There’s very clear and unequivocal setting out of an increased role for new providers of HE – what I’ve been calling the coming of the private HE sector). It is increasingly clear, if anyone ever seriously doubted it, that this Government is committed to having an increased role for new providers of higher education, and is doing whatever it can to make it happen.

The shift in funding from teaching grant to fees is explicitly intended to make this easier – and:

We will also allow alternative providers to access the generous system of student loans and grants, so their students will also be able to benefit from not having to pay upfront fees.

I look forward to new liberal arts colleges or specialist institutions. And the global higher education providers that operate in many countries from India to Spain to the USA need to know that we will be removing the barriers that stop them operating as universities here as part of our system – provided, of course, that they meet high standards which are a key feature of our higher education system.

There’s also a commitment to disaggregate accreditation/degree-awarding powers and teaching:

Another barrier to open access and contestability is the automatic link between degree awarding powers and teaching. Over the past 50 years, we have created a regulatory system which says that teaching students and awarding degrees must be done by the same institution. And that is certainly one way of doing it, as represented by the institutions in this room. But it is not the only way. Quality standards have to focus on quality alone. They must not protect one way of delivering higher education at the expense of others.

The OER world has long predicted this sort of change. You could describe this as an institution-driven pressure from outside the sector. There’s been some grassroots/bottom-up action here too, with teaching-and-learning activities decoupled from accreditation – think of MOOCs, P2PU, and so on. And now we have a Government producing top-down pressure. Institutions in the middle may well find themselves somewhat squeezed.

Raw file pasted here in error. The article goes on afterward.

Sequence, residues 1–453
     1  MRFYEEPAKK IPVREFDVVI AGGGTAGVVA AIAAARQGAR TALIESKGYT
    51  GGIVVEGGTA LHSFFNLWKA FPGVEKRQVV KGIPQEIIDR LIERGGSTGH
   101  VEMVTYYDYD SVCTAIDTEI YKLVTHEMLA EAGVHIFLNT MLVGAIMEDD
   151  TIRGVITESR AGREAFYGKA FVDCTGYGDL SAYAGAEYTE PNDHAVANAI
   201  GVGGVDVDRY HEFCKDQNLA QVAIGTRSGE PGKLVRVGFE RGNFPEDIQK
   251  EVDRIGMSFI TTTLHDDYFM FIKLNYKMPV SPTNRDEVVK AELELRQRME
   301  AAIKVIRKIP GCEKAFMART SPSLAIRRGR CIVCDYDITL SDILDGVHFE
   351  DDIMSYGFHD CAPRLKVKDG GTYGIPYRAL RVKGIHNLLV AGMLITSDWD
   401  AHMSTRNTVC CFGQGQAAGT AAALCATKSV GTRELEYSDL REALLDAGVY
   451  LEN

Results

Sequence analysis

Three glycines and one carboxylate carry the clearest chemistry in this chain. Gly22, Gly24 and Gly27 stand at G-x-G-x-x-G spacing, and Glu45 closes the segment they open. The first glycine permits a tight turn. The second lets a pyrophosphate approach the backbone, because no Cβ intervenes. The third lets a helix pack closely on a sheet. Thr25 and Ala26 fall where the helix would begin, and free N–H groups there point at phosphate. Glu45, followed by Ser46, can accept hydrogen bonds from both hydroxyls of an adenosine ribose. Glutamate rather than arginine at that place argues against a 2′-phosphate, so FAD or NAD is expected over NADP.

I certainly don’t agree with David Willetts on many things (or indeed most), but you can’t reasonably accuse him of not being on top of his brief and the history of the sector. He draws parallels with the HE system from 1850-1950, when the University of London awarded degrees for a wide range of teaching institutions. He also mentioned Matthew Arnold’s Dover Beach, which is an extraordinary bit of C19th melancholia to reference in a speech setting out plans for the future – ‘eternal note of sadness’ and ‘the turbid ebb and flow / Of human misery’ leap out, as does the conclusion:

[…] for the world, which seems
To lie before us like a land of dreams,
So various, so beautiful, so new,
Hath really neither joy, nor love, nor light,
Nor certitude, nor peace, nor help for pain;
And we are here as on a darkling plain
Swept with confused alarms of struggle and flight,
Where ignorant armies clash by night.

Admittedly he was raising it in order to deny it, saying that Universities are not being left alone in this way. But I know many in the UK HE sector – and indeed many others in Britain – are feeling very much that way, and I’m mildly surprised that Her Britannic Majesty’s Minister of State for Universities and Science chose to cite this at this moment in time.

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Apollo Group results – BPP and University of Phoenix

The Apollo Group – parent company of both the University of Phoenix and BPP (the first for-profit private University College in the UK) – reported its results a couple of months ago. It’s an interesting read, and they certainly seem to have a strong grasp of their situation.

I’m not going to look closely at the academic side of the University of Phoenix part of the business, because Tony Bates has done a comprehensive job of assessing their results from their Annual Academic Report. He gives them an A+ compared to the rest of the system for ‘meeting a real need, in terms of the market it serves’; a B- for quality assurance, “could improve on this a great deal, but then this is a challenge for the whole post-secondary system”; and a D for its graduation rate:

It should be finding a way to get more students graduated, especially given the high level of fees that UofPx’s students are paying, and the financial aid students are getting through Federal grants. On this I would give UofPx a D grade. (But then I would give more or less the same to public institutions on this measure).

He also notes that they make money “by the bucket: $1.04 billion profit in 2009 (before tax), which is more than the total operating budget of most research universities”. They do indeed make a lot of money, and in the rest of this post I’m going to dig in to some of the figures for the University of Phoenix and – closer to home – BPP.

(cc) mikebaird on Flickr